Canada’s participation rates in higher education have been climbing steadily for years, but what’s the quality of that education? It’s both an existential and practical debate that has been growing steadily along with participation rates.
A recent commentary in the Education Policy Institute’s newsletter by consultant Ken Snowdon makes what I think are some excellent points about the quality issue. I suppose his argument is self-evident to many, but it still needs saying:
Increasing PSE participation rates is an important part of improving investment in our human capital. But in an era when many countries are investing heavily in all aspects of higher education, the provincial and federal government commitment to quality higher education must be strengthened. It is the quality of our graduates that will set Canada apart in the 21st century.
I particularly liked Mr. Snowden’s list of six factors which, he says, according to the literature contribute most to student success. I challenge anyone to come up with a better list:
- Student involvement in the academic and non-academic systems of an institution;
- The nature and frequency of student contact with peers and faculty members;
- Interdisciplinary or integrated core curricula that emphasize making explicit connections across courses and among ideas and disciplines;
- Pedagogies that encourage active student engagement in learning and encourage application of what is being learned in real and meaningful settings;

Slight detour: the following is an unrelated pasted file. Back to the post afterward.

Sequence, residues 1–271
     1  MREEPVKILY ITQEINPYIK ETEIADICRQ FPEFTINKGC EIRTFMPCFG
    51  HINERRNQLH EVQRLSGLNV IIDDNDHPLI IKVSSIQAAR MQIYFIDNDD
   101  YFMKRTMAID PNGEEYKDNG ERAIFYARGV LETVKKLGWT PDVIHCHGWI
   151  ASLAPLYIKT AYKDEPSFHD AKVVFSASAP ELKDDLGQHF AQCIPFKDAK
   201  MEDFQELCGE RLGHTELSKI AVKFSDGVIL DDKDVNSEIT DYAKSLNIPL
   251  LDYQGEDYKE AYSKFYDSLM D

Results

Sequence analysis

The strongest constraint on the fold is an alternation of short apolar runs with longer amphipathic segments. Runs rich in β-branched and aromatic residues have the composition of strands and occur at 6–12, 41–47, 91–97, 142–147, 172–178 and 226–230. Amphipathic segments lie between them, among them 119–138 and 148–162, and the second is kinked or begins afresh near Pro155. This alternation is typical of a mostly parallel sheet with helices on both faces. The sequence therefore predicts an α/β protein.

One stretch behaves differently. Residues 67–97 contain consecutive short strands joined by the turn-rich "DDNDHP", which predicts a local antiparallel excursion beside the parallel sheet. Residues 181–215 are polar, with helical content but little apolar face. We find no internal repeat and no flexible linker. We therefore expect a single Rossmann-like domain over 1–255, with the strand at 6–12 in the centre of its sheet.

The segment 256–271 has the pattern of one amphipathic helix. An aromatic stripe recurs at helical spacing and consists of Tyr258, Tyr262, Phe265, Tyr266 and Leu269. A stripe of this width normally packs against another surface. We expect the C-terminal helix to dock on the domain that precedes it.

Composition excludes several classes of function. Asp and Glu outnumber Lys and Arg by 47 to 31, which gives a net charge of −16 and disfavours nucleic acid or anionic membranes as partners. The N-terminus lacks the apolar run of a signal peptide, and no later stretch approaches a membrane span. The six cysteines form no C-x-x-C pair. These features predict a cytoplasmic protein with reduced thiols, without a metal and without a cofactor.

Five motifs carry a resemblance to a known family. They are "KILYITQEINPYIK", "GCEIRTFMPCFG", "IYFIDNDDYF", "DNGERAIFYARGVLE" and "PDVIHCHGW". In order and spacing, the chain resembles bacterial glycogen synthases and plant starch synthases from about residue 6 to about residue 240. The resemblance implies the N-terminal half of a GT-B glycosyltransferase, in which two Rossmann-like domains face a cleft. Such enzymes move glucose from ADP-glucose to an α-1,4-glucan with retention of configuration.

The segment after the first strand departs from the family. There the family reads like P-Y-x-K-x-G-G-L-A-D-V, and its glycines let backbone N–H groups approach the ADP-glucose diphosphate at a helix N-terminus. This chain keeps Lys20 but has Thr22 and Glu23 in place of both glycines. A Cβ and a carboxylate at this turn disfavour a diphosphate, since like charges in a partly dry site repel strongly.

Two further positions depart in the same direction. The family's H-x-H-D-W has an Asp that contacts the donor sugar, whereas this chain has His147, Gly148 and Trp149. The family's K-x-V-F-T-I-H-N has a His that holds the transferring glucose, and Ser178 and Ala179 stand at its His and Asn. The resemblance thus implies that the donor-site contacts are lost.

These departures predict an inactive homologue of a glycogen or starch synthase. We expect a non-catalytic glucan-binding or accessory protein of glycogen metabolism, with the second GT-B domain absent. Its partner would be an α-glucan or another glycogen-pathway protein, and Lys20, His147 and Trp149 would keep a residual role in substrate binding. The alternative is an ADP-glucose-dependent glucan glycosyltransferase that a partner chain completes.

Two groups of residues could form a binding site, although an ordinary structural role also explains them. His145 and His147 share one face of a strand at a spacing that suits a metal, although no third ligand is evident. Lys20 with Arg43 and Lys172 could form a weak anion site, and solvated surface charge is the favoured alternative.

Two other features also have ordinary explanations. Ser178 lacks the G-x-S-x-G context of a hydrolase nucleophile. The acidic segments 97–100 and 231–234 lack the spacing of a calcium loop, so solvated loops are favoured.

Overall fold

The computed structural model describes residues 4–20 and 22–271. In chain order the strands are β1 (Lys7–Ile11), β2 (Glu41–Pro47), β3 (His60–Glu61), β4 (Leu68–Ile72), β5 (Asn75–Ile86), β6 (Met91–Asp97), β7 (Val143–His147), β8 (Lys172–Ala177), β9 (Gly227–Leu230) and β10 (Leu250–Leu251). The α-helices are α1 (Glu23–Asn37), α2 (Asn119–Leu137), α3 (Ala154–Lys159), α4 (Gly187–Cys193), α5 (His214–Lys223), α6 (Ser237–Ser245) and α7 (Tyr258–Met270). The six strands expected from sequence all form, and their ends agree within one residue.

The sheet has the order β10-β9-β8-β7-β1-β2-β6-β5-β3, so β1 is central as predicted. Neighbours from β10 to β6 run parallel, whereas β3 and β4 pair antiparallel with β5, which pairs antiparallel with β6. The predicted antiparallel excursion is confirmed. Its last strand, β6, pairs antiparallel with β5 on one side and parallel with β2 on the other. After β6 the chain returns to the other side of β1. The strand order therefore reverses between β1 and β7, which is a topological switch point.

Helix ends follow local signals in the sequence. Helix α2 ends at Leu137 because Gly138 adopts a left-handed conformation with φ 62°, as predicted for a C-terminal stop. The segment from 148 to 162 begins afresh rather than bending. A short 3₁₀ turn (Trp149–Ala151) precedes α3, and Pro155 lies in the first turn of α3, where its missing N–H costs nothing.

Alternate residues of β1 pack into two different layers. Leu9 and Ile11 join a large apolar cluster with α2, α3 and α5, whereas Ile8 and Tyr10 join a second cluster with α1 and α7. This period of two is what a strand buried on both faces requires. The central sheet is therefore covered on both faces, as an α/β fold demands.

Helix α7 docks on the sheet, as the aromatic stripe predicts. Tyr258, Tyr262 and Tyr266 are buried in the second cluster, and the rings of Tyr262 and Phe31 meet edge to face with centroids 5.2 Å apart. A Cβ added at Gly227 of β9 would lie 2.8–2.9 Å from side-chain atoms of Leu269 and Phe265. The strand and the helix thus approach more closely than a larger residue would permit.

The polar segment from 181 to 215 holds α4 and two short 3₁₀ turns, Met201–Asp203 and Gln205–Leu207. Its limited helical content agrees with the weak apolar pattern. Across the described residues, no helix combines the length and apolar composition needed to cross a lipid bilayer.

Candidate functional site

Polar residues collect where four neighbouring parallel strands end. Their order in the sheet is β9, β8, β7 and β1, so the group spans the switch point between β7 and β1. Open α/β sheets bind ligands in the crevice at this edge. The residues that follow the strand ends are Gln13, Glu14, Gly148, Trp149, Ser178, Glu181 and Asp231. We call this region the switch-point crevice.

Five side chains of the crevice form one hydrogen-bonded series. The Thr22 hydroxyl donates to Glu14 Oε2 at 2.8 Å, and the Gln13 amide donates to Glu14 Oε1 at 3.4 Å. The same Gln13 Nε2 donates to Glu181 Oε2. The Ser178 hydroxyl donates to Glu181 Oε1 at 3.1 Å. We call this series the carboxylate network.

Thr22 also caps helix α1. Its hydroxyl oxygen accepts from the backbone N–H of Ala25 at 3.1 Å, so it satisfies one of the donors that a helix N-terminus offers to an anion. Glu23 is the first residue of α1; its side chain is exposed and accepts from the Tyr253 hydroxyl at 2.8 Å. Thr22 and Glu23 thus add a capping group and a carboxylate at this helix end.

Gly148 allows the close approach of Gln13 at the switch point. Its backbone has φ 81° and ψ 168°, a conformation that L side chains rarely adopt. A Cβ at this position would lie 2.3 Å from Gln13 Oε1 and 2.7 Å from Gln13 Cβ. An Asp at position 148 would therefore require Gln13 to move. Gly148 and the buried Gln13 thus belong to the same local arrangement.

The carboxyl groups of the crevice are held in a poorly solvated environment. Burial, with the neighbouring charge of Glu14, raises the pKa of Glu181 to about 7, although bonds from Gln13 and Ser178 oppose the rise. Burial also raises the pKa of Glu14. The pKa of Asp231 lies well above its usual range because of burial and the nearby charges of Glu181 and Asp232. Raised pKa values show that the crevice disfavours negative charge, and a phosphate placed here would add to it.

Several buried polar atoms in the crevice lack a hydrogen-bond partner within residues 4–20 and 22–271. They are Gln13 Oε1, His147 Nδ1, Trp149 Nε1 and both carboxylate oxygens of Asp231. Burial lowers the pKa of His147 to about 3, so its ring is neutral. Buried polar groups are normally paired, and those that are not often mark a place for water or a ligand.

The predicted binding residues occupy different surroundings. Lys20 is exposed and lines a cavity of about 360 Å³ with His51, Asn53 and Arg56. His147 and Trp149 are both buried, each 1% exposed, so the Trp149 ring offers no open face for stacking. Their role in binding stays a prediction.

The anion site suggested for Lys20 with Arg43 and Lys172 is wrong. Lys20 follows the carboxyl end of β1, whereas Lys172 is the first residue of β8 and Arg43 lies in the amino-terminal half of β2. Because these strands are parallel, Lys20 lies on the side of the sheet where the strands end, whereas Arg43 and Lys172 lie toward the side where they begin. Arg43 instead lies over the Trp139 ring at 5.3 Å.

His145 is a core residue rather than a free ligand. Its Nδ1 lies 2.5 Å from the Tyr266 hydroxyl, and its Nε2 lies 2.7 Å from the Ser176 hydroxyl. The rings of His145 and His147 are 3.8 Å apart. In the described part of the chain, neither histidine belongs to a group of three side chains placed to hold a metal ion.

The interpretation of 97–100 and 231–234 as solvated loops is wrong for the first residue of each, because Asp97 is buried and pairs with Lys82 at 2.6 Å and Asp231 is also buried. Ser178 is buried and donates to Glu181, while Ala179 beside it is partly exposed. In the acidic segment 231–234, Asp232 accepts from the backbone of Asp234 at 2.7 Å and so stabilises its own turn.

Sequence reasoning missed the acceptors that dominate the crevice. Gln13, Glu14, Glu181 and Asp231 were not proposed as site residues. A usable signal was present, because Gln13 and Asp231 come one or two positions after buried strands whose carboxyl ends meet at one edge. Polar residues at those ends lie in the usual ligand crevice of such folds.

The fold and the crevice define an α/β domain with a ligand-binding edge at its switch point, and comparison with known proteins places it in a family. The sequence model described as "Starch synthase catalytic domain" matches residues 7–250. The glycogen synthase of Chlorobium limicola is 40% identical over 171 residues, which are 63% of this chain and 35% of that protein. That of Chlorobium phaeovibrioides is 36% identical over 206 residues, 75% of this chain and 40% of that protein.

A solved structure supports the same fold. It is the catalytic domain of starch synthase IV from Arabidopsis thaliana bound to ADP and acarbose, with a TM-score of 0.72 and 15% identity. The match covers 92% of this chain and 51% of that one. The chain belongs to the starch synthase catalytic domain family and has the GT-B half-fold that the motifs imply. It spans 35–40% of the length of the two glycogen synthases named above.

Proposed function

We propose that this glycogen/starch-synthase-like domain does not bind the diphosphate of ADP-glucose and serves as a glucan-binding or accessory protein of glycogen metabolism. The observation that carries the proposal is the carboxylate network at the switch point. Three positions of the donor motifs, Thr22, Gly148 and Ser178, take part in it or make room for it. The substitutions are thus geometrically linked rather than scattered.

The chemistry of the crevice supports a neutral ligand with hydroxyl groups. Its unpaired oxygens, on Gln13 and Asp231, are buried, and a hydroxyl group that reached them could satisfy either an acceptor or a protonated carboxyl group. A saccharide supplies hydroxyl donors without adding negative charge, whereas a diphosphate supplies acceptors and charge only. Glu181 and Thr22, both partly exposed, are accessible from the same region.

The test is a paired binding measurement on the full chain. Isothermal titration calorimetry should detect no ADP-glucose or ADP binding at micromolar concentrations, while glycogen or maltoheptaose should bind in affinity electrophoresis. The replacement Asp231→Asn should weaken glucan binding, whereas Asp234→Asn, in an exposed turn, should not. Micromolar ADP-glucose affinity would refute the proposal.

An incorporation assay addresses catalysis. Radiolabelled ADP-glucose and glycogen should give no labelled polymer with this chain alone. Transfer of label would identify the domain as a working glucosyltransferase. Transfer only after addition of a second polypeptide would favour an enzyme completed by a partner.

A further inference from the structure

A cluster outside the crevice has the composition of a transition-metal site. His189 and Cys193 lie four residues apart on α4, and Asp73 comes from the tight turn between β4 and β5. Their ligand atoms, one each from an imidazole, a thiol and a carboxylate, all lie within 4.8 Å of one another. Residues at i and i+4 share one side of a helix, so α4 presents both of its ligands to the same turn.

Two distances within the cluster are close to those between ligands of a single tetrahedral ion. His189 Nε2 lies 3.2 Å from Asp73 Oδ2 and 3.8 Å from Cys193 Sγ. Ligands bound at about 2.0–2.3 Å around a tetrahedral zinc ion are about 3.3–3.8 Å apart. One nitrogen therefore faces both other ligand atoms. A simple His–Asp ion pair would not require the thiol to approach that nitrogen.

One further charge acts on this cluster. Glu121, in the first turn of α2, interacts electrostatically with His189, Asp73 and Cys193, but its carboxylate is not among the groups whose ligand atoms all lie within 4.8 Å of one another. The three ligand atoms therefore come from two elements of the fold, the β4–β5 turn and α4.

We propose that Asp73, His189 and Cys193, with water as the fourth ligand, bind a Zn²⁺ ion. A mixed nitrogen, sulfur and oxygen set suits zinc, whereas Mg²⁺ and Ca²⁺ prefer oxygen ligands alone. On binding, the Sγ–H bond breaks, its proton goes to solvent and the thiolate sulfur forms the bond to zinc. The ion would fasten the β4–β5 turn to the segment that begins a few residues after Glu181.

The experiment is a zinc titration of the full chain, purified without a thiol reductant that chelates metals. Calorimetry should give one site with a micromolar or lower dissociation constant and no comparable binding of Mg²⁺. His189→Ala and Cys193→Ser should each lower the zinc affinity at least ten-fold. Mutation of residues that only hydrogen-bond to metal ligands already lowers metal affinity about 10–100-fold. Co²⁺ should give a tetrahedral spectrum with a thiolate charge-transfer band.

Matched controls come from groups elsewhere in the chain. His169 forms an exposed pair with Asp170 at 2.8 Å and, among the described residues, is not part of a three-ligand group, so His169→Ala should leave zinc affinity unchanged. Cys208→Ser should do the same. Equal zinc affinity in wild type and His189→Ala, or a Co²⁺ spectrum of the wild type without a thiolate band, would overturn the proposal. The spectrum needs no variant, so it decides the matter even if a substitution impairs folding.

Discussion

- Campus environments that emphasize scholarship and provide opportunities for students to encounter different kinds of people and ideas; and
- Environments that encourage and support exploration, whether intellectual or personal.
While I agree with the list, and what Mr. Snowdon has put forth, this isn’t really anything ‘new’. Research in student development over the past 30+ years by scholars like Chickering, Tinto, Schroeder, Astin, Kuh, Schuh and Whitt, has demonstrated all of these ‘conditions’ for success to be true. Kuh demonstrates through his research team’s work on the DEEP Schools project, that these conditions, in addition to many others create the context for student success. What is interesting to me is that the ‘student success discourse’ continues to develop traction in Canada as more institutions buy-in to assessment instruments like NSSE as a means to evaluate quality and effectiveness, while this conversation has been going on substantively in the US for at least the past 10 years already.